Indoor Windowsill Plants


Many types of plants can be grown indoors on windowsills, from flowering plants like African violets to herbs like basil and thyme. All you need is a windowsill with suitable light; some plants like direct sunlight while others prefer indirect light, and some like shade. Indoor windowsill plants need a little extra care, too, including regular watering and protection from drafts and the colder temperatures that sometimes occur in winter next to a window, especially if the window is not well insulated.


Most windowsill plants are grown for their visual appeal--flowers or foliage, or both. Some African violets, for example, have variegated leaves that add as much interest as the blooms do, while ferns are grown for their attractive fronds. Other plants have practical uses. Herbs like chives and oregano can be used in cooking, and juice from the aloe plant may help heal damaged skin. If you can't wait for spring to come, you can give it a jump start by planting bulbs like tulips and daffodils in pots and putting them on a windowsill; the warmer air inside will force the bulbs to grow and flower well before those outside do.


Windows that face south or southeast generally provide the most sunlight. Plants that like at least four or five hours a day of sunlight include herbs, 'calla lily' begonias, and dwarf varieties of gardenias, which add both beauty and fragrance to a room. The Christmas cactus and ferns like the maidenhair fern, on the other hand, need light but not direct sun; they could be placed in a north-facing window in the summer and an east-facing one in the winter. A shade or partially closed blind can also be used to provide indirect light in front of a sunny window. Some kinds of orchids can even be grown on a windowsill, including the phalaenopsis or moth orchid. It doesn't need much light at all, so a north-facing window or one that's shaded by a tree or an awning would be perfect.


Potted plants depend on you for regular watering; unlike plants outdoors, they can't extend their root systems in search of water. Most don't like to be kept wet; let them dry out slightly between watering. When the top two inches or so of soil in the pot feels dry, water the plant until water comes out the bottom of the pot. Pour the water out of the saucer underneath the pot so that it doesn't stand in water. Orchids like high humidity but little watering; water them only every two or three weeks. In the meantime, you can mist them a few times a day with a spray bottle, or put them on a tray with pebbles in the bottom and keep water in the tray up to just below the top of the pebbles. The water will evaporate and provide humidity, but the pots and growing medium will stay dry.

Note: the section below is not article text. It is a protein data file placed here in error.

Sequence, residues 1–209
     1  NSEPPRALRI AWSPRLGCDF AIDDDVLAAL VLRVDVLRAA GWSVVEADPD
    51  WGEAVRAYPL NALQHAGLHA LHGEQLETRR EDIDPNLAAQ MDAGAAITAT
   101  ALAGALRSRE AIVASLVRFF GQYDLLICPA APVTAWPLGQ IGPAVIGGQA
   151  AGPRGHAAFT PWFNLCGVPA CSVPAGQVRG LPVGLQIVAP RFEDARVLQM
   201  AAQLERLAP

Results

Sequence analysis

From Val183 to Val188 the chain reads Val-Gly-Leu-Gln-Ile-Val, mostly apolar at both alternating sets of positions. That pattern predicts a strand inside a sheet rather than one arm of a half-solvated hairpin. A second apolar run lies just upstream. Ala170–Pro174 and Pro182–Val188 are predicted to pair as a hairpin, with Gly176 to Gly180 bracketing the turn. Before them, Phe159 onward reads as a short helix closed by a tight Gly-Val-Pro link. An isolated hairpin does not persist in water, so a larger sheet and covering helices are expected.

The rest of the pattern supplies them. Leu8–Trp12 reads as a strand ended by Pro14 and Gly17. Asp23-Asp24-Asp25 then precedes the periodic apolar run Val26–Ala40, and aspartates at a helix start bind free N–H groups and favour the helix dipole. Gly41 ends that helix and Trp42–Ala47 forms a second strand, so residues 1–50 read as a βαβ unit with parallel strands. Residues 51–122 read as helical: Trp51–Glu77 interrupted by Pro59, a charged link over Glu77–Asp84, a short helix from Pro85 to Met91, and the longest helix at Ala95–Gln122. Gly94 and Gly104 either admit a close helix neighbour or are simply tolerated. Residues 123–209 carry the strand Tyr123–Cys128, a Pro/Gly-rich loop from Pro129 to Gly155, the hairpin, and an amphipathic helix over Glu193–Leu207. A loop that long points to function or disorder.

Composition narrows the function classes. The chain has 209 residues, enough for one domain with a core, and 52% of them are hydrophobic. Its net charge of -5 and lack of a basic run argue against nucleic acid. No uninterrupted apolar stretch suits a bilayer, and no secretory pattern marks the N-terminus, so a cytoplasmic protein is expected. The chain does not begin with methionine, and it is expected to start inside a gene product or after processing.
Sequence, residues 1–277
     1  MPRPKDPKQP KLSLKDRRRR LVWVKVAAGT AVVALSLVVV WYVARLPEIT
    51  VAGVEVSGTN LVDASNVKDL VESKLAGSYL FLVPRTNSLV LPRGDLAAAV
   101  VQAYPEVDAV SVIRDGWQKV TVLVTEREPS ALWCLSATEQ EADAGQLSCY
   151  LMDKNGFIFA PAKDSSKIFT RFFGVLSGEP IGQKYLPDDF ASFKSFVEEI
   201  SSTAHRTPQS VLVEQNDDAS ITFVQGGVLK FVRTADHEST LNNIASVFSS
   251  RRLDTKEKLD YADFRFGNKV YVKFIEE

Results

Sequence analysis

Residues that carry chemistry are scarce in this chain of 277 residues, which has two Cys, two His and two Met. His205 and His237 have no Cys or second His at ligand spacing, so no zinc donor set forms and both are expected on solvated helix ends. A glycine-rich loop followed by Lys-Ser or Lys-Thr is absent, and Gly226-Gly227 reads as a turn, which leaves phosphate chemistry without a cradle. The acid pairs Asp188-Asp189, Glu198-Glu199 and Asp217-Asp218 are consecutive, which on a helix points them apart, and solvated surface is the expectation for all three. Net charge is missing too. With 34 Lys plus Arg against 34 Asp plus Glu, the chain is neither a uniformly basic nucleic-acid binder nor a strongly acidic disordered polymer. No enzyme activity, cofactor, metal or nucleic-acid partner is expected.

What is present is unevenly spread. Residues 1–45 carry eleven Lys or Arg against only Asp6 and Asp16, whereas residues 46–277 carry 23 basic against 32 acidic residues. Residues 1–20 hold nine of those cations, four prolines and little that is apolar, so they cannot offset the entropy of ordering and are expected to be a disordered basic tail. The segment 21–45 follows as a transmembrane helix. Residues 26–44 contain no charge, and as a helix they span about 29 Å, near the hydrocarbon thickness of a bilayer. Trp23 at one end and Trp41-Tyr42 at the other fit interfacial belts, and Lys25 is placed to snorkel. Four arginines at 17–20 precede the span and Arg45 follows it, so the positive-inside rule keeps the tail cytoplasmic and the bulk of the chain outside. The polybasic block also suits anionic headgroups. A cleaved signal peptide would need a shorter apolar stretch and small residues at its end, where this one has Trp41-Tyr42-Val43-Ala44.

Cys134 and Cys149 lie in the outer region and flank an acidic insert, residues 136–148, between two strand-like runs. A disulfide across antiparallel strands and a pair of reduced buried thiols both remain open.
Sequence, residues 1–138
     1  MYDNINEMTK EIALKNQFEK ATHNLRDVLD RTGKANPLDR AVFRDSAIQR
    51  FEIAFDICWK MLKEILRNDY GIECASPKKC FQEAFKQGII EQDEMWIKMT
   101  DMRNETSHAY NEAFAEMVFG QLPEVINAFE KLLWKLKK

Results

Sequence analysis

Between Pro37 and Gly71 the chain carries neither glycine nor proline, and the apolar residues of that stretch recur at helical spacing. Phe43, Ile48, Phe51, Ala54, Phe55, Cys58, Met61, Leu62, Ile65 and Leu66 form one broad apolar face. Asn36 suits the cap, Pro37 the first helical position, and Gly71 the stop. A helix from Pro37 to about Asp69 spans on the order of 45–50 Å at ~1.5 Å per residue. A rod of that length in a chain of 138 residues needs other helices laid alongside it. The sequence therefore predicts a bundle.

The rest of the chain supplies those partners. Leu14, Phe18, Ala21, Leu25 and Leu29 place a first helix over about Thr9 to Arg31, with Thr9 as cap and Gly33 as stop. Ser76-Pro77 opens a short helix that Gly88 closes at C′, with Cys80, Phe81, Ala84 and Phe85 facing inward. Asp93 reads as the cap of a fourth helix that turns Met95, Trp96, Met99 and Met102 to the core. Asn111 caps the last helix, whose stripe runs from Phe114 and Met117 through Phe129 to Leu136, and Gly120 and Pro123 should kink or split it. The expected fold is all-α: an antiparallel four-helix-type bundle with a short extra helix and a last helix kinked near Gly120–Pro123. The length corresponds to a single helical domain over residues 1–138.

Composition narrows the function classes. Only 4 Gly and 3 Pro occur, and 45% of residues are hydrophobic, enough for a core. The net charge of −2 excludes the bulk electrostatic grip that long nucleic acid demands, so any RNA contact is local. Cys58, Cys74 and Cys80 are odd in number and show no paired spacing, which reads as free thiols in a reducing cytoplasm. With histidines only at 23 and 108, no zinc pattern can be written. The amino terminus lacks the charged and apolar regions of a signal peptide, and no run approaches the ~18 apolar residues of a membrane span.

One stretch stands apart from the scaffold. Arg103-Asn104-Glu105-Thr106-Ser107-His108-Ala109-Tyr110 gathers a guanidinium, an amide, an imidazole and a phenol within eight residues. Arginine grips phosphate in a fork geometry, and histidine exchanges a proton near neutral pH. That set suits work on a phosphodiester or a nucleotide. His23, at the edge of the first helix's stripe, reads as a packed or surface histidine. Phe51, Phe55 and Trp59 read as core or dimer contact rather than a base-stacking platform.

Since indoor windowsill plants are meant to provide visual interest, choose attractive pots with matching saucers. Small potted plants are usually sold in plastic pots; when re-potting, it's best to choose a pot only one size larger than the one the plant came in; that way it won't expend all its energy putting out an extensive new root system. In addition, of course, it's important to make sure the pot and saucer fit comfortably on the windowsill where you plan to put them.

Soil and Feeding

A good commercial potting soil is fine for most indoor windowsill plants. To make sure it drains well, you could add sand or vermiculite, sold in most garden stores. Although it may be tempting to use soil from your garden, you risk bringing in pests or diseases if you do so. You can buy organic potting soil if growing organically is important to you. Orchids need a special potting mixture consisting of wood chips, so you should take care to buy that mixture instead of using regular potting soil. A good all-purpose plant food is fine for most indoor plants; you can just follow the instructions on the label. Organic plant food is also available. However, African violets and orchids need specially formulated fertilizer.

Keywords: windowsill plants, potted plants, windows light, potting soil, indoor plants

About this Author

Saralyn Chesnut has both taught writing and written professionally since 1985. She has been a technical writer for an engineering firm, and has published articles in Feminist Bookstore News, Sojourner, and an anthology about the South. She has a Ph.D. from Emory University in Atlanta, where she still lives.

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